• It's worth making sure that the folders the databases reside in are excluded from the snapshots as I've seen the concurrent access cause problems. And don't se vMotion unless the databases are quiesced first.

All Replies
  • Test printing to see what works and what doesn't.

  • This is not OpenEdge-related but may impact you since most deployments somehow have Samba involved in some way.

    Do test your SMB configuration and make sure all your existing Samba shares work as expected. Migrating from one *Nix to another has been known to cause Samba issues with initial setup.

    Also, arranging your OE databases on your fastest SSD in RAID 0 will improve performance. If you have RAM to spare, increasing "B" startup parameter as much as possible will also help.

    Knowing your existing Firewall settings will be tremendously helpful, so you can duplicate those on the new servers. OpenEdge Broker/NS etc. use specific port settings and troubleshooting those may be something you will have to do.

    In addition to testing printers from your RHEL deployment, also do test any potential PDF generation software that sits between your OpenEdge application and the OS itself. Have many (not so) fond stories in my experience...

    I would also see how Red Hat customer support works for your subscription tier, since you will eventually need to talk to them at some point. 

    Lastly, I would comprehensively test any e-mail functionality you may have running on the current deployment. We recently migrated to RHEL 7.6 from RHEL 6.X and ran into how Azure does not allow outbound mail traffic unless you use something like SendGrid etc. 

  • Hi Brad,

    Sounds interesting topic as we're also in similar process. Not sure there's an up to date best practices material from Progress regarding LInux & VMWare (or concurrent) setting.

    Below a case we've found (db crash) during some pilot we did as we're not running our DB against root user (fixed by changing kernel param).

    knowledgebase.progress.com/.../semaphores-removed-when-user-logs-out-on-Linux-000086484

    Should you face also long adminserver start.

    knowledgebase.progress.com/.../AdminServer-slow-to-start-on-Linux

    For semaphore settings following KB might help

    knowledgebase.progress.com/.../P61278

    If you're not only migrating DB but ABL sources/script as well moving from Hp-UX to Linux might requires some extra checking too (basically OS-xxxx command as well INPUT/OUTPUT THROUGH...).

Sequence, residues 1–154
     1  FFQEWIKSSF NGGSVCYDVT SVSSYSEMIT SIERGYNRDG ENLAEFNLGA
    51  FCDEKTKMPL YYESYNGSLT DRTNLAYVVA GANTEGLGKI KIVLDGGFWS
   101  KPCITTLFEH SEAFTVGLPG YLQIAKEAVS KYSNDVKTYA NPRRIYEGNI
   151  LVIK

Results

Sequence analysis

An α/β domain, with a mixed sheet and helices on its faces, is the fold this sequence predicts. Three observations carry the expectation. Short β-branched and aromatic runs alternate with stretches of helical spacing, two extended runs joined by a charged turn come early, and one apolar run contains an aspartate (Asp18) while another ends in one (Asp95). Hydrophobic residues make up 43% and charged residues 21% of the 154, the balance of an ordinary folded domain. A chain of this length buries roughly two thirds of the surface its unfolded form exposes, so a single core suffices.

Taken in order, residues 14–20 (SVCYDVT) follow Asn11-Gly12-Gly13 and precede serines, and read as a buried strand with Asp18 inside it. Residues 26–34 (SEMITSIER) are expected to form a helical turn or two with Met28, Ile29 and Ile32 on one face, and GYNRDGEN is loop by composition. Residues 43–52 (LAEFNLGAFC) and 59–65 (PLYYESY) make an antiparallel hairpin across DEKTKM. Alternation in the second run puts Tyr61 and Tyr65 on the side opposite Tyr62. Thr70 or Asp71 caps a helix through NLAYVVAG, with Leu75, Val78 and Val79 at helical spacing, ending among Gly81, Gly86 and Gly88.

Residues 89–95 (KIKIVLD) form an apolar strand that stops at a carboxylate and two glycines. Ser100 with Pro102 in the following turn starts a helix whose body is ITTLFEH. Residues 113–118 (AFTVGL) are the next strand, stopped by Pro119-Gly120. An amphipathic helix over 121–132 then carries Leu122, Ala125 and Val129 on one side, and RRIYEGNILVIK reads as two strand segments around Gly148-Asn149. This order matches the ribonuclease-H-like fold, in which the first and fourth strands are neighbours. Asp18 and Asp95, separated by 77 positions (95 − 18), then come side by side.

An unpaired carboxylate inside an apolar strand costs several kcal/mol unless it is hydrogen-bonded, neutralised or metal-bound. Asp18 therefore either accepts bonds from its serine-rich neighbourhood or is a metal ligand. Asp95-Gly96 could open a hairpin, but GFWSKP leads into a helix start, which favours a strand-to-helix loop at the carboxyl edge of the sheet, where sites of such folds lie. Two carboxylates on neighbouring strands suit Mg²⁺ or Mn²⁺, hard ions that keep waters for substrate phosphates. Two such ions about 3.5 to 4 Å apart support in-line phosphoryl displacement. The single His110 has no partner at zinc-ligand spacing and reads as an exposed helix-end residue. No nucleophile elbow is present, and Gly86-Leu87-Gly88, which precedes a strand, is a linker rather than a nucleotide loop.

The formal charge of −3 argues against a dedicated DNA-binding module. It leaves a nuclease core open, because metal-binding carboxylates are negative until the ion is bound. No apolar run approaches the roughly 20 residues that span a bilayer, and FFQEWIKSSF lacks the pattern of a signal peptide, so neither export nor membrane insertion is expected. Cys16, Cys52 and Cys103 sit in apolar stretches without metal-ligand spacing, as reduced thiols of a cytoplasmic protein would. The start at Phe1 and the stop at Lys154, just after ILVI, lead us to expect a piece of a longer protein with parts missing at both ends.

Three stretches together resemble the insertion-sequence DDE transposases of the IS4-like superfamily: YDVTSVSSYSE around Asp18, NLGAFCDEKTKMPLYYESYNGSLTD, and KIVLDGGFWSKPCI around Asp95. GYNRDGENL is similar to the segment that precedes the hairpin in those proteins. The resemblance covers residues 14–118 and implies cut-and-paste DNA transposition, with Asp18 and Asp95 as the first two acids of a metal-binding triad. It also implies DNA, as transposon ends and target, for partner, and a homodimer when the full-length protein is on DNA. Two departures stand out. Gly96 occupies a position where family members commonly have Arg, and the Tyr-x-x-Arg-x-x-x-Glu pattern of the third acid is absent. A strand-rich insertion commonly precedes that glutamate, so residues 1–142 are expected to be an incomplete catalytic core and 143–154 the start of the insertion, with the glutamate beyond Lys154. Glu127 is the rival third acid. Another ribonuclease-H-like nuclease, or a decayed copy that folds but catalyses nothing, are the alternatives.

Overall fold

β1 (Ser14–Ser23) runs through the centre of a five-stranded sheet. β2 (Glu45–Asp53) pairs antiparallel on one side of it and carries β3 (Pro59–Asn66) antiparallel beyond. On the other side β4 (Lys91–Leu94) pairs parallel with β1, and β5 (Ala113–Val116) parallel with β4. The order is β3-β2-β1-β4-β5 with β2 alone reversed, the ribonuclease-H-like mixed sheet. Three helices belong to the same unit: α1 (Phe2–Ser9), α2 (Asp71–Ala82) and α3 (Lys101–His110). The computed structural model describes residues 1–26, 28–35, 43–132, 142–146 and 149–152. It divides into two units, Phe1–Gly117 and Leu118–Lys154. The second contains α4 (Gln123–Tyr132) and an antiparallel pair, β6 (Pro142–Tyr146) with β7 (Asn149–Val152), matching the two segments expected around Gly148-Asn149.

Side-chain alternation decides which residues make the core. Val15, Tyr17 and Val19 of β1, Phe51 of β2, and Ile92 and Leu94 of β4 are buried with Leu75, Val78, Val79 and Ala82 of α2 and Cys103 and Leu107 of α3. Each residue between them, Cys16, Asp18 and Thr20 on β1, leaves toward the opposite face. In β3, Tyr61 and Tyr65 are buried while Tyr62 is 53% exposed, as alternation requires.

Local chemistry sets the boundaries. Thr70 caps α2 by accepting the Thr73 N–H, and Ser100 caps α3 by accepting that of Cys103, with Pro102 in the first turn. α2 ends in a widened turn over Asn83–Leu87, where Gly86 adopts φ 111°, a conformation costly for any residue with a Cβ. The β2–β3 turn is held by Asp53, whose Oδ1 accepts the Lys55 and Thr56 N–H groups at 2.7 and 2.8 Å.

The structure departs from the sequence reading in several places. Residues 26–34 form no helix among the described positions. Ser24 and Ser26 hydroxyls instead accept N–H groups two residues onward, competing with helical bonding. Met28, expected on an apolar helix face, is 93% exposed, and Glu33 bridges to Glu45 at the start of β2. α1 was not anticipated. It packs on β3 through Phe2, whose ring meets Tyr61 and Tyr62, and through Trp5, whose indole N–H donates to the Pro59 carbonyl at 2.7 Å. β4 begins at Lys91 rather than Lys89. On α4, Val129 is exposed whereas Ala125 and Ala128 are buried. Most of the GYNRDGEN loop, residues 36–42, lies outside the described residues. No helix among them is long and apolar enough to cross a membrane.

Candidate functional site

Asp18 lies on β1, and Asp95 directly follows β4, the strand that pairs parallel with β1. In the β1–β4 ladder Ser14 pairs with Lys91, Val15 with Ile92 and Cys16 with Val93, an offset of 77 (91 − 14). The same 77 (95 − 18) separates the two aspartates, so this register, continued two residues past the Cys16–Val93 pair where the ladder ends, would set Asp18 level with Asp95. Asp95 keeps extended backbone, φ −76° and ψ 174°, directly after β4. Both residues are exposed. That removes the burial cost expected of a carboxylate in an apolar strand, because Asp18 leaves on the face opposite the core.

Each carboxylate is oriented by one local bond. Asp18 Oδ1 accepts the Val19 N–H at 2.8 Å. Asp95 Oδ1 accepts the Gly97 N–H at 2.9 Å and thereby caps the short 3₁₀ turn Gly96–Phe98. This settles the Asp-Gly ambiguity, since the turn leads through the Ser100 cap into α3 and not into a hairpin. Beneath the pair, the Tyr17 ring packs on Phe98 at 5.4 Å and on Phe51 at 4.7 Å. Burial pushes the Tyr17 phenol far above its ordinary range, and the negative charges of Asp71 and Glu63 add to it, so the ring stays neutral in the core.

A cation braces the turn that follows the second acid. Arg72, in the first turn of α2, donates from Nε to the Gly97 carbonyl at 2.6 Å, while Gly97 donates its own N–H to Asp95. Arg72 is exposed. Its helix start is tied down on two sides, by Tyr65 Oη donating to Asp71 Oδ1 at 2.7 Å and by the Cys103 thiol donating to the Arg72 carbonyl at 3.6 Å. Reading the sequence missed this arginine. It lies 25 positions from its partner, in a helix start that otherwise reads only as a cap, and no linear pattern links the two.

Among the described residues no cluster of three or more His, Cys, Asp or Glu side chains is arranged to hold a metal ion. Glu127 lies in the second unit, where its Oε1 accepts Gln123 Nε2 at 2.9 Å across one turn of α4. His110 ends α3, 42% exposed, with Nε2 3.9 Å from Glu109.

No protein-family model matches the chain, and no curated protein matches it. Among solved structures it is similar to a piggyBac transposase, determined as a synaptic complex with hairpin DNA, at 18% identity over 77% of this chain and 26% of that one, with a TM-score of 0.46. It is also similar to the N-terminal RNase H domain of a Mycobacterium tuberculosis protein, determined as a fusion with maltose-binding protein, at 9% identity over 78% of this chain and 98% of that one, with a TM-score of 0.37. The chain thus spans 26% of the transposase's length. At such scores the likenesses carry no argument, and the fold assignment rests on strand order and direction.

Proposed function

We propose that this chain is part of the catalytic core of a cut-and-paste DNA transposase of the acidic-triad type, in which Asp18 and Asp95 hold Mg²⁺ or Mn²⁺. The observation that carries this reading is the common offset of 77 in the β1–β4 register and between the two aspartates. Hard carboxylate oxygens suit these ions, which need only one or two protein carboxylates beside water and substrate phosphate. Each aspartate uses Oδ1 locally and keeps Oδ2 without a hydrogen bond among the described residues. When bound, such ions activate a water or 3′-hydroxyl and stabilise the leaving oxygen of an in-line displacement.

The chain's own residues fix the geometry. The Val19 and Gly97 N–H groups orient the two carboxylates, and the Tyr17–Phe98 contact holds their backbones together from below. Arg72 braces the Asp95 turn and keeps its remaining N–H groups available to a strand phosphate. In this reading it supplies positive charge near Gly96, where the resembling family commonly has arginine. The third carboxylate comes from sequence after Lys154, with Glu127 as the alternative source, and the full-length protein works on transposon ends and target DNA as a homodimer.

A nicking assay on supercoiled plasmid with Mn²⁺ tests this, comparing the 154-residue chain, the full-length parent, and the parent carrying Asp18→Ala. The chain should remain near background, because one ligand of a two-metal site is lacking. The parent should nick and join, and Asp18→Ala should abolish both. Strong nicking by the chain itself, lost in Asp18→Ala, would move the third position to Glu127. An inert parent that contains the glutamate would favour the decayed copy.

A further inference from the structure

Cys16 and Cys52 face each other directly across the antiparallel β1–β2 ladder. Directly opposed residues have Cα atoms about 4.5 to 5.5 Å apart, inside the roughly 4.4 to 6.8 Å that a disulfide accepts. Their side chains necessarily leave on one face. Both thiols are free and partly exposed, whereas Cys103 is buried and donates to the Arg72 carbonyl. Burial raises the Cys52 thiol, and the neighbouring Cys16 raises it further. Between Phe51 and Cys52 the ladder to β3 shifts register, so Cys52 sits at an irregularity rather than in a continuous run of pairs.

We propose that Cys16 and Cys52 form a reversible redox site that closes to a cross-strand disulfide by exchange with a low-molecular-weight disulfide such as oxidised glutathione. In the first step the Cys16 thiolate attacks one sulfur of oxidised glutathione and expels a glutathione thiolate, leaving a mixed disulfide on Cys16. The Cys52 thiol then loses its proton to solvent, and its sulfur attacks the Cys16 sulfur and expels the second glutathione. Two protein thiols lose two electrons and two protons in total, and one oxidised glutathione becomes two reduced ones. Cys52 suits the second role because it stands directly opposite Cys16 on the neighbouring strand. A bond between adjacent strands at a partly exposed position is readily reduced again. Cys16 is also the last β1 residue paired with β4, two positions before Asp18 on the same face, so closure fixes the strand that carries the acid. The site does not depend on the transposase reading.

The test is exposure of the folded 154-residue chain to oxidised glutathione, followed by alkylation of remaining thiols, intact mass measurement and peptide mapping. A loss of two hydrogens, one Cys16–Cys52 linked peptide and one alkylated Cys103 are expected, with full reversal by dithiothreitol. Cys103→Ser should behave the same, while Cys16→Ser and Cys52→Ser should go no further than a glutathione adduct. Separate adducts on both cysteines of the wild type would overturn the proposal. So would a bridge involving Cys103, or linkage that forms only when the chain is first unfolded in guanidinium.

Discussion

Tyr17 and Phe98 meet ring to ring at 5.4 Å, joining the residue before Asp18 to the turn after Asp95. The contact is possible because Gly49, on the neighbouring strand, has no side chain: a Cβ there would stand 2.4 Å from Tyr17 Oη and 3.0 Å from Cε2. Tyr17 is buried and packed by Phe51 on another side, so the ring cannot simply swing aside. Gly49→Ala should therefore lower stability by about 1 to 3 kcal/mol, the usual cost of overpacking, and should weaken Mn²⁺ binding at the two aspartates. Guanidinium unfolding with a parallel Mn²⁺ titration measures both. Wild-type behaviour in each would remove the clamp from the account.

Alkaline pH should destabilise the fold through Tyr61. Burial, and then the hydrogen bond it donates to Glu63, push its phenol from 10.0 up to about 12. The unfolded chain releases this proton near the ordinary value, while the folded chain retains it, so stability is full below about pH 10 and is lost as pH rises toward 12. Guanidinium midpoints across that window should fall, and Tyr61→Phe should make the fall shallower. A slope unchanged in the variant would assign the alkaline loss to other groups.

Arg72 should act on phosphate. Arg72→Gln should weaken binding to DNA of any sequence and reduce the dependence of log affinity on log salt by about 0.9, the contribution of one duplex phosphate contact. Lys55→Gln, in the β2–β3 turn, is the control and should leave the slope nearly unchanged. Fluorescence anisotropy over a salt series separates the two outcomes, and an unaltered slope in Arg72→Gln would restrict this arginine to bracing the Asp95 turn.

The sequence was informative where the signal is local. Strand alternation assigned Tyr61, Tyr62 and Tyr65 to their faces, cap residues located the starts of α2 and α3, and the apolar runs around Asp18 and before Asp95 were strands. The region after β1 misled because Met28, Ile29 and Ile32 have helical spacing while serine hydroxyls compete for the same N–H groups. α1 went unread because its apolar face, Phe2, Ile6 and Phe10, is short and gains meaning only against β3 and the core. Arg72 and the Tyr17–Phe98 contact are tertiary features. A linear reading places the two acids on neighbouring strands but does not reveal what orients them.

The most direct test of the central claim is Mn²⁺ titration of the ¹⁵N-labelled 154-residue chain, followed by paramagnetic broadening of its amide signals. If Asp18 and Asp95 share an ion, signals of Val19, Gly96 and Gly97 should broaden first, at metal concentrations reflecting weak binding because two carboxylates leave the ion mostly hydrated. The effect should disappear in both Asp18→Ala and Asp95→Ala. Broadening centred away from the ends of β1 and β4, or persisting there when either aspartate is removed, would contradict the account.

We've not yet move any production DB to Linux (only some test pilot) but sounds keeping db block size to 8k is still ok (at least Progress seems recommended a multiple of OS block size which I guess is 4k for you so 8kb remains good).

    We've been working from many years with VMware and running several VM (HP-Ux) within same host without any issue. It's obviously depending on your hw but I can't see the point of limiting 1 vm per host. Most critical performance point might anyway remains on your FS definition and corresponding IO constraints. Should you use LVM you can configure volume group and disk as per basic Progress/DB recommendation (separated VG for DB, AI,BI) and adjust you disk/SAN adapter accordingly. Do not trust super fast SSD, that could help but you will super fast realize that iops bottleneck is elsewhere (unless your DB activity is fairly low) especially with SAN.

    Please keep posting your feedback I'm interesting to hear about any findings as we shall proceed with production DB and application migration from Hp-Ux to Linux at some point during 2019 too.

    Denis

  • HPUX was a decent option 20 years ago.  Going from HPUX to RH should be a breath of fresh air.  You will be very, very happy with performance.

    As has been mentioned the main thing to worry about is os-level things like printing, os-command, input/output through and the ilk.  You may find that you have some work to do in those areas.

    Linux kernel parameters will almost certainly not be an issue.  There is very little need to worry about those with Linux.  Especially since you only have 200 users.

    I have no qualms about using 8k blocks.  I find performance to be somewhat better than with 4k blocks.  Just don't go smaller than 4k, that would be bad.

    Virtualization will cost _something_.  If you do as you say and only use it in the way that you say it might not be too bad.  Be careful not to over-configure the VM (leave a few cores and some RAM unallocated) and follow best practices (there is a PUG presentation from Libor floating around somewhere).  DO NOT USE vm snapshots as backups!!!  That will not work.  If it appears to work it is only lulling you into complacence.  It WILL bite you hard when you really need it.

    --
    Tom Bascom
    tom@wss.com

  • We just did this migration last year in July.